I was recently asked what parents should do to encourage leadership skills. Coming from a family of leaders I think back to see which text book answers apply. What I found is that it is rare to find a tip that is not equally good for a “leader” and a “follower,” or “chiefs” and “Indians” like we used to say. I would like to remind my audience that both play an important role in life situations. Society would dictate that leaders are superior. But since I know that every good team needs different strengths I suggest that confidence plays a stronger part.
Society has a way of stratifying and labeling kids. It can come with a negative connotation. Sometimes they change their appearance, friends, or social activities and successfully alter how they are seen, but more often than not they get stuck. The jock, the nerd, the preppy…
I go back to the question of how to build a leader. Again the idea of building confidence resonates with me. The parent who originally asked the question wasn’t necessarily asking because she wanted her daughter to run for student counsel. The conversation that preceded the question was about friends and peer pressure. There was an element of fear that she wouldn’t be there to help her daughter make the right choices. Leaders make wrong choices every day. Simply being a strong leader won’t be the deciding factor as to which path a child will take. A person with a strong set of values and confidence, leaders and followers alike, have my vote.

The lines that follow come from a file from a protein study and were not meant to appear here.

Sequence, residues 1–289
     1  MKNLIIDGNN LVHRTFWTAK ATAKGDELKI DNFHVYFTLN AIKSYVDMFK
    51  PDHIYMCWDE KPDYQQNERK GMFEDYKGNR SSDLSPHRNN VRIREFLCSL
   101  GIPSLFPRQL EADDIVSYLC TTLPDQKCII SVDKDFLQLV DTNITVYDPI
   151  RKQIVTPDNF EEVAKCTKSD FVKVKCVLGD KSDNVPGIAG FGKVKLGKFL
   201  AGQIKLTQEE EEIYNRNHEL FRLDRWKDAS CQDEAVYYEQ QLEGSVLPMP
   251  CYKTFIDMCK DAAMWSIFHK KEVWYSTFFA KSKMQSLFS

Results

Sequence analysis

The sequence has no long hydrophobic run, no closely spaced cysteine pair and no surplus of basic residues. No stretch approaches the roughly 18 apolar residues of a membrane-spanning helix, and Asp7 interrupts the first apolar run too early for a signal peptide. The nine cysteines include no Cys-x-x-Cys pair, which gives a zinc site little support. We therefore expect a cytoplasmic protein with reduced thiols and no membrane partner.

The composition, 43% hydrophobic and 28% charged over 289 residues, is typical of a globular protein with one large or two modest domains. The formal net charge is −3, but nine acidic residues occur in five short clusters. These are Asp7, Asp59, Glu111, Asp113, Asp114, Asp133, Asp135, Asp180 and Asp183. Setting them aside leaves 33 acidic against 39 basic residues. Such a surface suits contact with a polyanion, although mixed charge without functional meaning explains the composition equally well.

So, how do you build confidence in a child? Self-worth is the corner stone in your child’s existence. It begins when they are infants. As they grow older they gain independence and responsibility. The more they get, the more confidence they build. Good communication, positive reinforcement and a positive role model will show what is expected of them. One of my favorite quotes is by Hain Ginott. He says “If you want your children to improve, let them overhear the nice things you say about them to others!” What a confidence boost!
Whether your child is a leader or a follower, understand the importance of their role. Society can’t complete tasks without both of them! If your child wants some leadership training, ask why. Perhaps it is to become the next President of Student Council. But if it is to build their self-esteem then you are barking up the wrong tree!